Breaking into new markets is an expensive and risky operation, which only the most productive firms can afford to undertake.
There is a lot of evidence about the large costs that firms have to incur when taking their products abroad. These costs range from simple things like packaging to more complex tasks such as establishing marketing and distribution channels, accumulating information on foreign demand, and learning about the formalities involved with crossing a border (i.e customs). Furthermore, the largest fraction of these entry costs is unrecoverable should a firm change its mind: if serving a foreign market turns out not to be profitable, the investment made to enter it is gone. In addition, entry costs appear to be proportionately larger for small firms, possibly because they have to rely on fewer contacts and smaller distribution channels. Small firms, and those with shallower pockets in general, are thus at quite a disadvantage.
Compounding the high costs, exporting is risky. Many new exporters drop out of the export business very rapidly: they often start by selling small quantities to a single neighbouring country, and yet almost half of them stop exporting within a year. The survivors typically increase their presence in their current destinations, and the more successful ones also expand into other markets. Because firms are so uncertain about their exporting profitability ex-ante, they prefer to “test the water” in order to learn about their likelihood of success. That is, they invest resources on the chance, not the certainty, that things will go well.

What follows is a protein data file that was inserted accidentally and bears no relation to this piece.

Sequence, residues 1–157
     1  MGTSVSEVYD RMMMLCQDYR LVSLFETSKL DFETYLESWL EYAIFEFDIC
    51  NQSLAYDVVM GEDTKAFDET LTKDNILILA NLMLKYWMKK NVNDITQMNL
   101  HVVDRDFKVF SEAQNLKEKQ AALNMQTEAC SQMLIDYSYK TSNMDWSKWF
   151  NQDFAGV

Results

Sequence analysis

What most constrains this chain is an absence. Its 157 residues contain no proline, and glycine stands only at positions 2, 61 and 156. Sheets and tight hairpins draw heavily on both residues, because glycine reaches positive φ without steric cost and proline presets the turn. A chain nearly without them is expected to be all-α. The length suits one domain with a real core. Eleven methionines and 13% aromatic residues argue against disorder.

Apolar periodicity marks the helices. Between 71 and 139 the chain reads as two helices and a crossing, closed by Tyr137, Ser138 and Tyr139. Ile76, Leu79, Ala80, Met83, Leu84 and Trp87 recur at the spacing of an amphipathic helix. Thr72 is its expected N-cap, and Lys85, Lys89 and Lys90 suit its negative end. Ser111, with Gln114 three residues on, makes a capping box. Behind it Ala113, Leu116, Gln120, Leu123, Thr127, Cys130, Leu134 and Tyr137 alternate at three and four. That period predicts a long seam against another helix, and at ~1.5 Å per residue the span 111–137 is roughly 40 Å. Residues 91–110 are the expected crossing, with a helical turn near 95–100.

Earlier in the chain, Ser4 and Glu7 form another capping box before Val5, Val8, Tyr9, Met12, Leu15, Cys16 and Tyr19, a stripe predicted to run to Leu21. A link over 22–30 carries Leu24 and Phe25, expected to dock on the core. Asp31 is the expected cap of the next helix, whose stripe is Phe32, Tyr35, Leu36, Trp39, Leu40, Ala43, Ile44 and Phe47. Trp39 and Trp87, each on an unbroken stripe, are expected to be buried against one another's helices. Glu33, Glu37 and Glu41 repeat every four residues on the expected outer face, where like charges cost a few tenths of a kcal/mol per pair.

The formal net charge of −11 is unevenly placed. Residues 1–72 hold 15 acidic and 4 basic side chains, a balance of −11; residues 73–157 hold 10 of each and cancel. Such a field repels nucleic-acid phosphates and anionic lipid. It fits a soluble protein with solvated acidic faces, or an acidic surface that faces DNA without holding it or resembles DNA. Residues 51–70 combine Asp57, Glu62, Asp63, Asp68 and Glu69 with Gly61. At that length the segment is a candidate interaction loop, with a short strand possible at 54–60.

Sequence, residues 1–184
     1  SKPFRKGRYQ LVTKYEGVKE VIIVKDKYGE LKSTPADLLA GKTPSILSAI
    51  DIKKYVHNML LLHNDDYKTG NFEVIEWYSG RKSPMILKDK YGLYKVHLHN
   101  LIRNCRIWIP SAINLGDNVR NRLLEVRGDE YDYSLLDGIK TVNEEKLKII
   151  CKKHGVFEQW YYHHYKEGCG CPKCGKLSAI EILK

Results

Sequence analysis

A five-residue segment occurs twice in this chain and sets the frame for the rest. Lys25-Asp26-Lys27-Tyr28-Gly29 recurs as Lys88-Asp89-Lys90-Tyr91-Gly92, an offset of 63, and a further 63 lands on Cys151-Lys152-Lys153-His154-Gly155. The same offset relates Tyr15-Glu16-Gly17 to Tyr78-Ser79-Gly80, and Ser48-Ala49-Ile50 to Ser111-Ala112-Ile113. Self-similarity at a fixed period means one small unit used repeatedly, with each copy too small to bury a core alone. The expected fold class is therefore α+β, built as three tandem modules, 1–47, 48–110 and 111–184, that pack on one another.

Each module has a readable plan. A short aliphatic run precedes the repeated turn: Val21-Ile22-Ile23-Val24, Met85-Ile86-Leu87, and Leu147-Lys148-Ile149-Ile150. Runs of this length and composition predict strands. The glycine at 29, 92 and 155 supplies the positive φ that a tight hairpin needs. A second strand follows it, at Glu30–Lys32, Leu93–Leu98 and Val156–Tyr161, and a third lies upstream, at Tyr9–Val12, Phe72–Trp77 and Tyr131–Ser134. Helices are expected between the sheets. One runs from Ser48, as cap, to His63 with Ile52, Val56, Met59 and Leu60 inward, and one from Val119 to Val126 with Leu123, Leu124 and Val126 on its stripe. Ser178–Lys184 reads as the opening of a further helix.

The first new market is therefore a special one, where firms discover their general ability as exporters. For most firms most of the time, the first new market is the closest one, both geographically and in terms of preferences, where information is likely to be greater, entry costs lower and the likelihood of succeeding higher. It’s your neighbour. For the UK, our neighbour is the EU, but now that the UK has left the EU, costs of exporting will increase, and its value as a “testing-ground” for new exporters is weakened.
As exporting involves extra costs – to enter a foreign market – and a considerably longer cash conversion cycle compared to domestic sales, it is more challenging for financially constrained firms either to start exporting or to sustain/expand their export activities. Many studies have found that exporters are less financially constrained than non-exporters and among these, company debt is the most widely used measure of financial constraint. Some argue that the relationship runs only from exporting to financial health (which is perfectly reasonable), but more recent and better specified studies find that the main relationship runs from financial health to exporting – that is, that firms enjoying better ex-ante financial health are more likely to start exporting.